Maroon 5 ‘Hands’ Over Mediocrity
Maroon 5 is one of those bands people either love or hate. When music snobs hold up their noses about the simplicity of pop and the decline in quality of music, they point to Maroon 5. On the other hand, those looking for fun songs to dance and sing along to flock to Maroon 5’s catchy beats and sensual lyrics.
When approaching them from an objective point of view, there is nothing spectacular or groundbreaking about Maroon 5. However, they write good hooks and Adam Levine’s vocals audibly shine with the golden gloss of Mutt Lange’s production (Def Leppard and Shania Twain).
Three years after their last album, the boys are back with their most fun album yet. “Hands All Over” can more easily be compared to their last album than their massively successful debut in 2004 (“Songs About Jane” to this day is still Maroon 5 at its best), continuing to emphasize the pop half of their pop/rock formula while managing to be even bouncier and toe-tapping than last time.
This is instantly clear with the first two songs, which are also the first two singles. After even the most casual listen, these songs will have you humming to yourself as you go about your day.
The album starts off strong as the listener is greeted by an “Oh Yeah” followed by Maroon 5’s signature guitar riff as “Misery” kicks things off. That funky guitar continues into “Give a Little More,” which adds in a steady drum beat that calls to mind the dance club songs of the 90s.
After the first couple of tracks get you on your feet, “Stutter” slows things down a bit. This, along with the next track “Don’t Know Nothing,” lead into the more subdued part of the album, which is where it is the most like their second album.
However, aside from “Never Gonna Leave This Bed,” which seems to be the signature slow ballad of this album (much like how “She Will Be Loved” and “Won’t Go Home Without You” were for the past two albums), the songs stand out and show a different style than that used in “It Won’t Be Soon Before Long.”
“Don’t Know Nothing” and “I Can’t Lie” have a mo-town feel to them, the most R&B of any of the songs on the album with pretty piano interludes and strung out falsetto phrases.
The title track “Hands All Over” is probably where Lange had the most input, reminding one of Def Leppard’s “Pour Some Sugar on Me” with the hardest guitar and drums in the entire album.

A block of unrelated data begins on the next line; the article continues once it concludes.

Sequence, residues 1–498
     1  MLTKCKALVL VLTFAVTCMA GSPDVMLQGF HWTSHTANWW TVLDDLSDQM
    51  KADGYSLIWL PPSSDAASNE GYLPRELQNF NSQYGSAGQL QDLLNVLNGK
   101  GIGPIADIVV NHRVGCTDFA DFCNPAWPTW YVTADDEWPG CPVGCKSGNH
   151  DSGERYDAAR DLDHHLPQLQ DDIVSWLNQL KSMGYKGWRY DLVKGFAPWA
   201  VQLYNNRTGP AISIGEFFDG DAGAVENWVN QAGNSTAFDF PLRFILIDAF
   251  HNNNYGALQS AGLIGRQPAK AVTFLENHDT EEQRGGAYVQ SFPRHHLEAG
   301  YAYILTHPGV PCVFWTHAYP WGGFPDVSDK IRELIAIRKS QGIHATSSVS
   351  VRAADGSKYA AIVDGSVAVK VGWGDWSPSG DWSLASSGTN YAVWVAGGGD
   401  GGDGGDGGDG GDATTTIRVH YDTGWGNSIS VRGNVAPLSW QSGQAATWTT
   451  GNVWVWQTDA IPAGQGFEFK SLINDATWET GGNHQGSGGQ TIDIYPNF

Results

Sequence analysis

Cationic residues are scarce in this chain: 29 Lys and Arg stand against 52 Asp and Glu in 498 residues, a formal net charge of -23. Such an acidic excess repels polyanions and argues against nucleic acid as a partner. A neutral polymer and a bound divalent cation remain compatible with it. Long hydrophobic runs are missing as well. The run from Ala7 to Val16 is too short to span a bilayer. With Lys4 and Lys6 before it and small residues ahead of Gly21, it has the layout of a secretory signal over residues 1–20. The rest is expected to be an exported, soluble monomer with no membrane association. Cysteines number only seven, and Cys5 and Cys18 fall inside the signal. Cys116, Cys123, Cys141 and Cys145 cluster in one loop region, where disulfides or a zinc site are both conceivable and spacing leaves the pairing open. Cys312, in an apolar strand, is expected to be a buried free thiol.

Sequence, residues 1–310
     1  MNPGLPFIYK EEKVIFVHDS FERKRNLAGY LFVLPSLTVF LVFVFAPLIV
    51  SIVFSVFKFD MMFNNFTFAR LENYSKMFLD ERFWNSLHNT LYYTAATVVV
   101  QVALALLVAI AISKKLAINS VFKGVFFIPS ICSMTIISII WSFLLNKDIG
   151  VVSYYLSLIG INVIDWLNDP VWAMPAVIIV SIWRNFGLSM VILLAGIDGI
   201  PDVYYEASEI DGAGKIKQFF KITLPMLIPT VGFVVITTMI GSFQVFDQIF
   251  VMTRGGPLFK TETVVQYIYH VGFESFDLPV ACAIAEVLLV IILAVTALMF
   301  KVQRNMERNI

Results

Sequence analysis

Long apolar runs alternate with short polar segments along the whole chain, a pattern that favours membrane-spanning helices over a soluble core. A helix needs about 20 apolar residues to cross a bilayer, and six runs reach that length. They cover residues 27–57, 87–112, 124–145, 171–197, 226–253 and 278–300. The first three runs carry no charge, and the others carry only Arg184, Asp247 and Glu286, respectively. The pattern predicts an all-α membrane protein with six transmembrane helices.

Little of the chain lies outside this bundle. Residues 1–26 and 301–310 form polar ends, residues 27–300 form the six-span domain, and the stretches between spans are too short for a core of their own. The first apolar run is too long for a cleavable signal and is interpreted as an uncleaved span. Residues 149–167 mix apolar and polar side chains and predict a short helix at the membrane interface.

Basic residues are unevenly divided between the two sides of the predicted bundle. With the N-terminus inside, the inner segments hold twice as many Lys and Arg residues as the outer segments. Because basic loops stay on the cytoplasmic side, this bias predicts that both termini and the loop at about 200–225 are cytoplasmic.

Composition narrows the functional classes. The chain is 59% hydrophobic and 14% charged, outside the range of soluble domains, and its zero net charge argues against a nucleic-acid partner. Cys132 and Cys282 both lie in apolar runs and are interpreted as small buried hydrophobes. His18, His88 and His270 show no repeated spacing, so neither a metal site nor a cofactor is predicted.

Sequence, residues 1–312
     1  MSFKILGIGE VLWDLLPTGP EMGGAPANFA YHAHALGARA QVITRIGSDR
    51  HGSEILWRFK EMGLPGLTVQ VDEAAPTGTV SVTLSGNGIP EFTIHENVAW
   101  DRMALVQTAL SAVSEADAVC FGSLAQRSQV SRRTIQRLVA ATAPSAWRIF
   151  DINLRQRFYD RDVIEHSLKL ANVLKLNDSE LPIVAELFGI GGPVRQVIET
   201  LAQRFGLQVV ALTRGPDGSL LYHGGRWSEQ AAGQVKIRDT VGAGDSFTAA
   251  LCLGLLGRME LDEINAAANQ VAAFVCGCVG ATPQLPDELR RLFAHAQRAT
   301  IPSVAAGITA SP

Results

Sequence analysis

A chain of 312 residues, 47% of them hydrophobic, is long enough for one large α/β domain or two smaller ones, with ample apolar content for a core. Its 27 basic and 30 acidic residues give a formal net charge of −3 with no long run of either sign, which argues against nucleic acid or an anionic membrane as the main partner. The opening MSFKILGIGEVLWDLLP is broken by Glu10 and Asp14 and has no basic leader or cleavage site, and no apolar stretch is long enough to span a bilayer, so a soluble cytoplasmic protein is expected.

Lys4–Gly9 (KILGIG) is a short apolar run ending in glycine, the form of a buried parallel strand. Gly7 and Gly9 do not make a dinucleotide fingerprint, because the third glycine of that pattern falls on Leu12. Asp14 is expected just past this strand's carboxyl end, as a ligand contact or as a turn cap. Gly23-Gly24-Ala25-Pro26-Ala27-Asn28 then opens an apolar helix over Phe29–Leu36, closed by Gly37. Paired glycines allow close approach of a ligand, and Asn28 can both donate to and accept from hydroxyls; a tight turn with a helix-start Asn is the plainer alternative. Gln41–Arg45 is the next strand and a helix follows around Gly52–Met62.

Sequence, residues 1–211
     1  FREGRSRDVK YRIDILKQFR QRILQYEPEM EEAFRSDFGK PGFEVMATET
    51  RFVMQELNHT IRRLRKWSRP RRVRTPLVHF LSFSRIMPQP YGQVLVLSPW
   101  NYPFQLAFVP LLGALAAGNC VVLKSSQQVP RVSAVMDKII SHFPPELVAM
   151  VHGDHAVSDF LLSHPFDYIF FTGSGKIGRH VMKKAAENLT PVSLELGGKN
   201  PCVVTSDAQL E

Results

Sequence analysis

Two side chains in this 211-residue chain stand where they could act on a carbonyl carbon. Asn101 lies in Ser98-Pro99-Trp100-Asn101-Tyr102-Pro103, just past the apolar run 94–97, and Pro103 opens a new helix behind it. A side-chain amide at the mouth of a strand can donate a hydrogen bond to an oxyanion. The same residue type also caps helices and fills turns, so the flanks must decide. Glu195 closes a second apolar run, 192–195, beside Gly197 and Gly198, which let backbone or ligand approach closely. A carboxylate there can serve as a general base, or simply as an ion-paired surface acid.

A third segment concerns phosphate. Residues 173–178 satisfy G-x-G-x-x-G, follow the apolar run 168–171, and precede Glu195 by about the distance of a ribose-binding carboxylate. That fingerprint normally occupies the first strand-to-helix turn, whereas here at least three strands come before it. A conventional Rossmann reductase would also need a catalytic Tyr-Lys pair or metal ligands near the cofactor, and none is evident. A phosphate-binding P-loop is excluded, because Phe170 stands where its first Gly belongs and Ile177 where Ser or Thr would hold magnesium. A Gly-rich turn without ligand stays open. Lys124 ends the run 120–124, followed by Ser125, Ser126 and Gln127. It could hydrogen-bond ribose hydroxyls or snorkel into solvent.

“How” and “Just a Feeling” are piano driven ballads, but seem almost interchangeable and don’t have the same staying power as their other ballads. However, in between them is the very catchy “Get Back in My Life,” with an “Ooooo” hook and more of the same funky guitar riffs that have become a signature of their sound.
As the album winds down, it offers the quick and flowing “Runaway,” which is over in a flash. It is very thoroughly consistent, but while pleasant to listen to, is quickly forgotten as soon as the next song, “Out of Goodbyes,” begins to play.
This is one of the album’s highlights, and the only time Maroon 5 really seems to be going out on a limb to do something new. Lady Antebellum joins this country-like duet, which calls to mind other successful pop/country fusions of the past, sounding like something from Faith Hill or Shania Twain (again, Lange’s influence is felt).
I’m not a fan of country music, but country-pop is something I like to hear every so often, and Maroon 5 pulls it off. Some may think this is a step too far for them, but Adam’s voice actually blends well with Hillary Scott’s. Even non-country fans may appreciate the tiny step in that direction. It rounds out the album with a little variety, which is not common in a Maroon 5 album.
It’s not a perfect album by any means. For one thing, the lyrics may not exactly be poetry, but they fit in the larger light and fluffy framework of the album.
I would like them to break out of the “falling in and out of love/getting hung up over a break up” theme that runs through this album (and the others as well), but I don’t think I could imagine Maroon 5 doing anything else.
They are masters of the art of writing a light and relatively simple pop song, one that entertains you while you’re listening, but other than leaving a catchy chorus in your head, doesn’t require a second look or any effort on your part to appreciate it on a deeper level.
Rating: 3 out of 5